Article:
The preferred route for Electrogenic's Porsche conversions is therefore to provide the technology and training to independent specialists but, for the time being, all works are being conducted in-house. Build time is in the region of three months, beginning with a consultation process that establishes the precise needs of the customer in order to tailor a solution that finds the right balance between performance, range and price. The cost of a conversion is around £45,000 before VAT, a substantial figure in isolation but considerably less than the sums being asked by some rivals. And the upshot is a future-proofed classic, with usability and reliability on a par with modern machinery while maintaining some, if not all, of the character that still sets it apart.
On the move, the combination of gearbox and electric motor is initially bewildering with no engine revs to consider despite the regular deployment of a clutch. Interestingly, it is possible to stick the car in third and drive around all day as if it were an automatic. This would be a boon in towns and cities but a challenging country road is undoubtedly its happy place and being able to row through Porsche's notchy four-speed transmission is integral to that.
It feels like heresy to suggest it but, after a while, it is possible to overlook the fact, if not forget fully, that you're driving an EV, surrounded as you are by everything else you'd expect from a 356, right down to the working instruments, enormous diameter Bakelite steering wheel and perfect period upholstery. Add to that the exact same steering weight, body roll and just-adequate braking as you pitch ponderously into a fast bend and philosophical musings about heart and soul seem secondary. A counterintuitive takeaway from one short test drive was that an inherently slow, less dynamic car like this is better suited to EV conversion. Less is lost in terms of the outgoing powertrain, while there's more to appreciate in respect of old-world aesthetics and ergonomics.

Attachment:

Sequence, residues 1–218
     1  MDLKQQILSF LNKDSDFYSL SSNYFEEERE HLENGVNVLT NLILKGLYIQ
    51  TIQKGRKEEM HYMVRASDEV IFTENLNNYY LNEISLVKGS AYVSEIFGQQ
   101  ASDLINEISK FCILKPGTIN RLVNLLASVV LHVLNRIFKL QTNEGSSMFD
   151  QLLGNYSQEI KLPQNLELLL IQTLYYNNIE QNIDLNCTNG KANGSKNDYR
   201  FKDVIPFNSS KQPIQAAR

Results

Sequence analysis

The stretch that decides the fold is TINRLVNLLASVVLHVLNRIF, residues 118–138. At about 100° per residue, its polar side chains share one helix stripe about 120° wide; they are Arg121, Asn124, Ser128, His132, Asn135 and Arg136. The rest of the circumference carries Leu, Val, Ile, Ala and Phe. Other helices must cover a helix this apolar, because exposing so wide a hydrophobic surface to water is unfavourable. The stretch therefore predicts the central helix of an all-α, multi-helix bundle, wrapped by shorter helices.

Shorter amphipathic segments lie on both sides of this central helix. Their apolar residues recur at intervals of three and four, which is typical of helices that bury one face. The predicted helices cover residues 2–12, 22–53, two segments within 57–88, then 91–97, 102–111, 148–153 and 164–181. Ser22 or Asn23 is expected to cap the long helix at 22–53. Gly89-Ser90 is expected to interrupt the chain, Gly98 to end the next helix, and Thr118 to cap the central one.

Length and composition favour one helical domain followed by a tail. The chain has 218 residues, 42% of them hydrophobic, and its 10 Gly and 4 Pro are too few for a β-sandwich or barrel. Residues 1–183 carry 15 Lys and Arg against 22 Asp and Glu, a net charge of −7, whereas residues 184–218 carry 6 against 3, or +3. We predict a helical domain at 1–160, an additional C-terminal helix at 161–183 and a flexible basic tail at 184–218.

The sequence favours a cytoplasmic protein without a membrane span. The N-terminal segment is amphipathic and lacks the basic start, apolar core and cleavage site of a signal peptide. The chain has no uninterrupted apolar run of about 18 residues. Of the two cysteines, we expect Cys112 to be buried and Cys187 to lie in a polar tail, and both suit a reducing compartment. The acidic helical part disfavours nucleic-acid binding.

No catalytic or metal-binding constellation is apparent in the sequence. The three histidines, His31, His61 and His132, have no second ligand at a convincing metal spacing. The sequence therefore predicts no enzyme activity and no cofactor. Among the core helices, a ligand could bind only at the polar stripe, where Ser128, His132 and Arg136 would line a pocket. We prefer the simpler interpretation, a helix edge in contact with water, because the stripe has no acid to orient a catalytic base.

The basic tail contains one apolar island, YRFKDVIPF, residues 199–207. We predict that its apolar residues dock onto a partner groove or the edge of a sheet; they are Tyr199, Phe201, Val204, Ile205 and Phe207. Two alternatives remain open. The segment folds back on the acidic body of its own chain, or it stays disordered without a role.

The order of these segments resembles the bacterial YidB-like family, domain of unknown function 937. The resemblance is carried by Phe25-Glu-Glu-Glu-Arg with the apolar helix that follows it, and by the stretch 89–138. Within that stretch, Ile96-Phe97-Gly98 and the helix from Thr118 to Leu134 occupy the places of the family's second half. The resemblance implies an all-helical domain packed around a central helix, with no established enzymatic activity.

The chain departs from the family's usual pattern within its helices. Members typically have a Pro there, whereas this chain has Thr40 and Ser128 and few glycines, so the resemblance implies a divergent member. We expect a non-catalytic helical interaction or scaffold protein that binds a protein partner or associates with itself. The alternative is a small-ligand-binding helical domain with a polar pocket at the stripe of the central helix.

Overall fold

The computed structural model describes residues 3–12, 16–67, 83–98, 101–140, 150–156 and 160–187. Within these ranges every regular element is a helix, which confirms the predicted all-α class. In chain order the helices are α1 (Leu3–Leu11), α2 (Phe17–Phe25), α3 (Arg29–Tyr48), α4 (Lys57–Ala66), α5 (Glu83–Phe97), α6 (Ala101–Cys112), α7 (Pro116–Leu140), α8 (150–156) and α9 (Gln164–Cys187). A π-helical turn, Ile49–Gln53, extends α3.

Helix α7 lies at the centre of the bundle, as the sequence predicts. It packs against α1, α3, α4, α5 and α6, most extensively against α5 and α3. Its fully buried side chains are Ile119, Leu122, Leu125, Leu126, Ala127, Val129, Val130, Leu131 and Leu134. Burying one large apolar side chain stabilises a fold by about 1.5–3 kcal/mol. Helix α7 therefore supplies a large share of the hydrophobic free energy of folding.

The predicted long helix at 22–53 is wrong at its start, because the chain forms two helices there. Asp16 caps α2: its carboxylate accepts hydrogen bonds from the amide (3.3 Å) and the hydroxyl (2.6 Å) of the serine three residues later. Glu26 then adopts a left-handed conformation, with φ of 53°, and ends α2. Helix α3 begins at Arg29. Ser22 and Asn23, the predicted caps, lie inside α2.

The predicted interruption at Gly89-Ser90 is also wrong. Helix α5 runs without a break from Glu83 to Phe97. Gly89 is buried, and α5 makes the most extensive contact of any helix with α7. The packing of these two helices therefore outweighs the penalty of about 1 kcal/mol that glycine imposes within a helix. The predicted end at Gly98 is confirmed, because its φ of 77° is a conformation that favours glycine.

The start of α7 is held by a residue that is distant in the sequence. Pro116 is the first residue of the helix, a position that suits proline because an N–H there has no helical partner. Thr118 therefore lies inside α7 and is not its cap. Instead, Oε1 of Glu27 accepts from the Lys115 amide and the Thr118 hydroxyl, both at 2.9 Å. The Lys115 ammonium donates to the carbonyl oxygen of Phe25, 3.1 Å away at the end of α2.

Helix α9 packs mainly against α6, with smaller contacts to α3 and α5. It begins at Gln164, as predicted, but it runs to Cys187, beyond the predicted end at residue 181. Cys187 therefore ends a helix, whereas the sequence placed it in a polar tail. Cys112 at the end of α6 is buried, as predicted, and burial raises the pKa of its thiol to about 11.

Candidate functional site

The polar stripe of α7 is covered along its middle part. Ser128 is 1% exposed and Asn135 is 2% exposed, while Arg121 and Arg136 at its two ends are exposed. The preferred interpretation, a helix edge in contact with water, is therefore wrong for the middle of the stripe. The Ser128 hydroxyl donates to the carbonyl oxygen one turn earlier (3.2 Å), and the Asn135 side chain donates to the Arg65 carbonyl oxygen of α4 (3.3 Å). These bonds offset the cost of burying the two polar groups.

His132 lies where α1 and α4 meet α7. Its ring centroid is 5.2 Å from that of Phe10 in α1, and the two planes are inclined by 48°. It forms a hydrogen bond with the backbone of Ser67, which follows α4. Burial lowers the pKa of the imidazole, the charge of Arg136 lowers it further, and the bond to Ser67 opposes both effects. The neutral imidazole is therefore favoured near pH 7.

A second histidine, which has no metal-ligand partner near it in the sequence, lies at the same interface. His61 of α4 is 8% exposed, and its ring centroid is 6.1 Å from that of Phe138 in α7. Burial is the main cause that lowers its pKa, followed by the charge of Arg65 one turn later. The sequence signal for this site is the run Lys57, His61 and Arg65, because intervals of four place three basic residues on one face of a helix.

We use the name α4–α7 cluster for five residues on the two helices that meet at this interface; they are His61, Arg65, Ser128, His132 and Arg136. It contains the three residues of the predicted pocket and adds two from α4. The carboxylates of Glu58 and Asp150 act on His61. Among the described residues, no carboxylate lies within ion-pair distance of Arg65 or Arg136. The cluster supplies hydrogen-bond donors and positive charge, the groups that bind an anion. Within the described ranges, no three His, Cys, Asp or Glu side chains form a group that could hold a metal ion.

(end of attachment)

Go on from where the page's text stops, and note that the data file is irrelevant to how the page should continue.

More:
It's an odd experience, but in almost every sense a very positive one. If you were faced with the prospect of seldom, if ever, driving your 356 or being able to drive it daily in this iconoclastic form, it would be a simple decision for a lot of people to make. "Until you've driven it, you don't know," says Steve. "After 40 years as an engineer, I get frustrated with the internal combustion engine because you can do so much more with the electric motor. You can't appreciate that until you've got behind the wheel and realised that it still feels like the original car, but now it starts first time, is immediate and responsive and you never have to muck about with the jets on the carburettors. Now I can't drive an old car without thinking it'd be so much better being electric!"
Electrogenic have built 25 cars so far and its order books are full beyond Easter of 2023. Its approach is starting to find traction, then, and several of their cars are being used as daily drivers on substantial commutes. Even if such products are only part of the solution for keeping classic cars on the road, we'd do well to get behind them. Especially while the early adopters are funding development for the more sceptical masses.